Movies from the 50’s often made the trek look easy, the women wearing lovely, fitted dresses, their hair looking great, eye makeup, lipstick. Check out pictures from the “real” pioneer journeys. You seldom see the women smiling, and they sure didn’t wear nice dresses and fancy hair and makeup. Even the children don’t look very happy, and they all look pretty ragged.
Back to the purpose of this blog - our pioneers who braved the American West. Today when driving through this big country, we complain of sore butts from sitting too long in our soft car seats, or complain that there wasn’t a McDonald’s at the last town where we wanted to get off the highway and eat, or we complain about gas prices, groan and moan as we lug our belongings into an air-conditioned motel room with a nice bathroom, TV and coffee maker.
Oh, how spoiled we are today. Oh, what the pioneers would have given for McDonalds and TV’s and – oh, what heaven! – cell phones!! Just imagine if they could have called all the way back home and talked to those precious parents and siblings they had to leave behind, usually never to be seen again. Instead, they wrote letters that took five or six months to reach each other – if they reached them at all. They buried children and loved ones along the way, never to see their graves again. They suffered from illnesses and pain we’d never have to worry about today because we can always find help in this modern day.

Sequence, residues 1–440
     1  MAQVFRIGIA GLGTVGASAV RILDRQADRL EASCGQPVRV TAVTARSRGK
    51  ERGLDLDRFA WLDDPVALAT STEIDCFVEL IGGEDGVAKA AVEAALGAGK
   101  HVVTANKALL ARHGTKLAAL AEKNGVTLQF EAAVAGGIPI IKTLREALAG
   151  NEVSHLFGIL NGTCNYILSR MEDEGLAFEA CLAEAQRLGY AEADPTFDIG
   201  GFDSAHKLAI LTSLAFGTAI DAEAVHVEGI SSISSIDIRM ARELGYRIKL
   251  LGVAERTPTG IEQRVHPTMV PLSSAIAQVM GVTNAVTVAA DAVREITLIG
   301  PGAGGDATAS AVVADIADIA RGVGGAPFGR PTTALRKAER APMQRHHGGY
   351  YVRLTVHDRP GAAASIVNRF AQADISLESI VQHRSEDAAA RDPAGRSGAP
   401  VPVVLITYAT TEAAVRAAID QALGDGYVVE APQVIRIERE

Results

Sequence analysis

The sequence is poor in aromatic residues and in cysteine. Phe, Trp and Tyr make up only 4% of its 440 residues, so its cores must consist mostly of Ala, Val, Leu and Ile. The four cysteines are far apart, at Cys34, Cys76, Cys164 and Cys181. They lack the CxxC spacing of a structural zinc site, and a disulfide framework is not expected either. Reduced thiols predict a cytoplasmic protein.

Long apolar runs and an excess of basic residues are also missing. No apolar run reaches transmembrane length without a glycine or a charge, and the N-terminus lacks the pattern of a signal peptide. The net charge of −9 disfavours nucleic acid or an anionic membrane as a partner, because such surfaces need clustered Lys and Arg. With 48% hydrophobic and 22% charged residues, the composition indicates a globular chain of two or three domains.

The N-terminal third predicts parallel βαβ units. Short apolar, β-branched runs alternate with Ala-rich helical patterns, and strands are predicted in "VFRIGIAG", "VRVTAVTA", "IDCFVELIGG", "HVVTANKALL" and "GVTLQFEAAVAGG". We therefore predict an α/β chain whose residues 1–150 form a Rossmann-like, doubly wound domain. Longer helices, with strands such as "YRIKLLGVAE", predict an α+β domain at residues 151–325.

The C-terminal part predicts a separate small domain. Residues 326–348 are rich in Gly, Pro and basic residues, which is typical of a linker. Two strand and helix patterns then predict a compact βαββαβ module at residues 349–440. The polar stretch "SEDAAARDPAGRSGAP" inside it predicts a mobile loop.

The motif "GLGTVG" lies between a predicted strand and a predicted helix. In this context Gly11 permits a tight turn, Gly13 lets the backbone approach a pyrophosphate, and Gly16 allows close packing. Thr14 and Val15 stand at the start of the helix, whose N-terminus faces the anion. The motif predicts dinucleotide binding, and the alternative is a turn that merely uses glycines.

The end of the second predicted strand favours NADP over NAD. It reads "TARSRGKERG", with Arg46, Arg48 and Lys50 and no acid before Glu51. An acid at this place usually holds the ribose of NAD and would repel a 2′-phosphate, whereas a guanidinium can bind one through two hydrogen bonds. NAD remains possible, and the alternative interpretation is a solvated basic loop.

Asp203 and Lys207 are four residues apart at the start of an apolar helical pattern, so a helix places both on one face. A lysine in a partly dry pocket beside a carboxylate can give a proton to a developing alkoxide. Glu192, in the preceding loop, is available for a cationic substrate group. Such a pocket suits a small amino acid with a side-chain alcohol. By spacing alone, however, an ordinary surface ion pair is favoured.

This is why I write about American history and especially pioneers. I do my little, tiny part in trying to remind readers what our ancestors went through to settle this country. I try to “teach” a little history in an entertaining way while getting my fictitious characters involved in true events. Sometimes I wonder just how “fictitious” my characters really are, because I get so involved in their lives they become real to me – and often readers write to me wanting to know if they really did exist!
I will never get over the wonder of how our pioneers braved new settlement. Even in the east, when the “West” was the Ohio Valley and the Smoky Mountains, heading in that direction meant incredible dangers from animals and the elements and, of course, the Native Americans, who were not happy with any of us intruding into what they considered their land, and I don’t blame them one bit. That’s the food for many of my books also.
So here we are today, able to get in an airplane and go from New York to California in only about 4 -5 hours, and even driving it, you can make the same trip in 4-5 days, compared to close to six months or more by wagon. Coming out here every year always refreshes my memory and my writing skills when it comes to the kind of books I write. You have to see this country to truly appreciate what it took to get out here a hundred and fifty years ago. There are places along the Oregon Trail where there are still ruts from the thousands and thousands of wagons that plodded their way west, people filled with dreams of their own land, dreams of gold, dreams of a better life, dreams of even more freedom than what they already had back east. Dreams are what this country was built on – as well as freedom. I hope today’s generation doesn’t let all of that slip away.